WASHINGTON — Protesters gathered Saturday to support immigrant rights at rallies around the U.S., denouncing President-elect Donald Trump for his anti-immigrant rhetoric and his pledges to build a wall on the U.S.-Mexican border and to crack down on Muslims entering the country.
“We are not going to allow Donald Trump to bury the Statue of Liberty,” Sen. Chris Van Hollen, a Maryland Democrat, told a standing-room-only crowd at historic African-American church in downtown Washington during one of dozens of rallies around the nation.
In Chicago, more than 1,000 people poured into a teachers’ union hall to support immigrant rights and implore one another to fight for those rights against what they fear will be a hostile Trump administration.
Ron Taylor, pastor of a Chicago-area Disciples for Christ Church and executive director of the United Congress of Community and Religious Organizations, told the audience there, “Regardless of what happens in the coming days we know that good will conquer evil and we want to say to each and every one of you, you are not alone.”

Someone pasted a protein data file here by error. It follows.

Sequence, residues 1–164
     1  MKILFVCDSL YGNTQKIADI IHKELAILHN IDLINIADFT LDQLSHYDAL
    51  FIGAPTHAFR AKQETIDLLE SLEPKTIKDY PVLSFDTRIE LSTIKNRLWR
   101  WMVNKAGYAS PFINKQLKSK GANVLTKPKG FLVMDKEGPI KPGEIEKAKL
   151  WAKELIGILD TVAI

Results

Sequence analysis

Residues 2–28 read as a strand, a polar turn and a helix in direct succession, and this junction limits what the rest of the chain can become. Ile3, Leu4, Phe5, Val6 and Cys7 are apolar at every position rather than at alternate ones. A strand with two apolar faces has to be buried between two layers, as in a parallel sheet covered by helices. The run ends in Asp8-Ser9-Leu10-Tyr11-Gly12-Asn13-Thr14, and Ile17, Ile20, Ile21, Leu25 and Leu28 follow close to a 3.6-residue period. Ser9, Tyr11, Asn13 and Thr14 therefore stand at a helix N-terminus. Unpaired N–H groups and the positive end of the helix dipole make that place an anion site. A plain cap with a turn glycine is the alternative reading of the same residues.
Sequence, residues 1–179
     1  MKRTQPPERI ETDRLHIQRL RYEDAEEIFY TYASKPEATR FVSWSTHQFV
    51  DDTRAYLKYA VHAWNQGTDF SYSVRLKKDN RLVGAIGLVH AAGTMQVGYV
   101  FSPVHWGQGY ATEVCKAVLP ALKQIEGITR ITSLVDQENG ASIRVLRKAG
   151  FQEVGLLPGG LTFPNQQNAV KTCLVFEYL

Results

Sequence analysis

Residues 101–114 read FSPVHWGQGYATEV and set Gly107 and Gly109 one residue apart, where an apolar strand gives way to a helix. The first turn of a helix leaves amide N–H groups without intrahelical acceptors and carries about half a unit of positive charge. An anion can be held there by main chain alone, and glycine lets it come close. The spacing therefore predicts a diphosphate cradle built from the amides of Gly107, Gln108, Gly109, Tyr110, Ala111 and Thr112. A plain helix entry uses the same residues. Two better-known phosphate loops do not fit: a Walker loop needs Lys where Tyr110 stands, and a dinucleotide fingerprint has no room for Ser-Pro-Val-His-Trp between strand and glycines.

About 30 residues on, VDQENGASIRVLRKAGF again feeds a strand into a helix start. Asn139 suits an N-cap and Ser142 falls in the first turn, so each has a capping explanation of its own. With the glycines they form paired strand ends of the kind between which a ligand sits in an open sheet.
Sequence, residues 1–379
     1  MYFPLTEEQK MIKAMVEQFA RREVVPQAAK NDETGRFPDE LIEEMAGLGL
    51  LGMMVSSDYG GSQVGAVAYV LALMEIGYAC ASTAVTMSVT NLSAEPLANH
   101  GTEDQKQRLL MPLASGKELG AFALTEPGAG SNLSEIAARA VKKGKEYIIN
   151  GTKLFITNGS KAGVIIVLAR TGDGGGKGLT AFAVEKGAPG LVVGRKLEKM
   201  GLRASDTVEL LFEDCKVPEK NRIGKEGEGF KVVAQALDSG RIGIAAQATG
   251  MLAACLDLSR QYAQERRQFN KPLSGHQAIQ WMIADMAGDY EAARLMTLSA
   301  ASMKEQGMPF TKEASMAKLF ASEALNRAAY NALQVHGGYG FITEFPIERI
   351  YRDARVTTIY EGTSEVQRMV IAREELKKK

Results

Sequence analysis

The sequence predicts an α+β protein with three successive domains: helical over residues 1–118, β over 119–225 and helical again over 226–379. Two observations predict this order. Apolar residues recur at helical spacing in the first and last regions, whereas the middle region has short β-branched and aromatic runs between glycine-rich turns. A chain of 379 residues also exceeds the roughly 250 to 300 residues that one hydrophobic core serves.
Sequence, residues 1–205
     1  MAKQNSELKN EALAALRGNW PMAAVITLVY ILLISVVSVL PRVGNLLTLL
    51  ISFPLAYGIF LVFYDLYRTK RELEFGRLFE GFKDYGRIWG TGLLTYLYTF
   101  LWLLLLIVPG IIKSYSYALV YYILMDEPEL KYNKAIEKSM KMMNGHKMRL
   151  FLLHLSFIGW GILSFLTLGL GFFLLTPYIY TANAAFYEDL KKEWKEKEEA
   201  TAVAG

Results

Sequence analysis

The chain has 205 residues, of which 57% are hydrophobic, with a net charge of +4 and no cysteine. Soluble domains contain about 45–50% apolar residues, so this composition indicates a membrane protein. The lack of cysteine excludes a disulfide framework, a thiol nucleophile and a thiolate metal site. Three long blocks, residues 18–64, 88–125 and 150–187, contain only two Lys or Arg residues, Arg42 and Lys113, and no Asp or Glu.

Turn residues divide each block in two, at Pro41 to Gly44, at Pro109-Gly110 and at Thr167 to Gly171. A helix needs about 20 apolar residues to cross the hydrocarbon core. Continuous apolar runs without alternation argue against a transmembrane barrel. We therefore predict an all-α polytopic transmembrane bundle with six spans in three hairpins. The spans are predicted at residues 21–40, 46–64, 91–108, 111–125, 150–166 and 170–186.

In Los Angeles, several hundred people rallied at a downtown Mexican-American cultural center and plaza. Some carried signs saying “Here to Stay” and chanted “Si se puede,” Spanish for “Yes, we can.”
The protests mark the latest chapter in a movement that has evolved since 2006, when more than a million people took to the streets to protest a Republican-backed immigration bill that would have made it a crime to be in the country illegally.
Saturday’s events in in Washington, Chicago, Los Angeles, San Jose, California, and elsewhere took place as thousands participated in a “We Shall Not Be Moved” march and rally in Washington ahead of Monday’s Martin Luther King Jr. Day holiday.
The line to enter Metropolitan AME Church in Washington stretched nearly a city block. People attending included immigrants who lack permission to be in the country and their relatives and supporters. Also present were elected officials, clergy and representatives of labor and women’s groups.
Participants carried signs with messages including “Resist Trump’s Hate” and “Tu, Yo, Todos…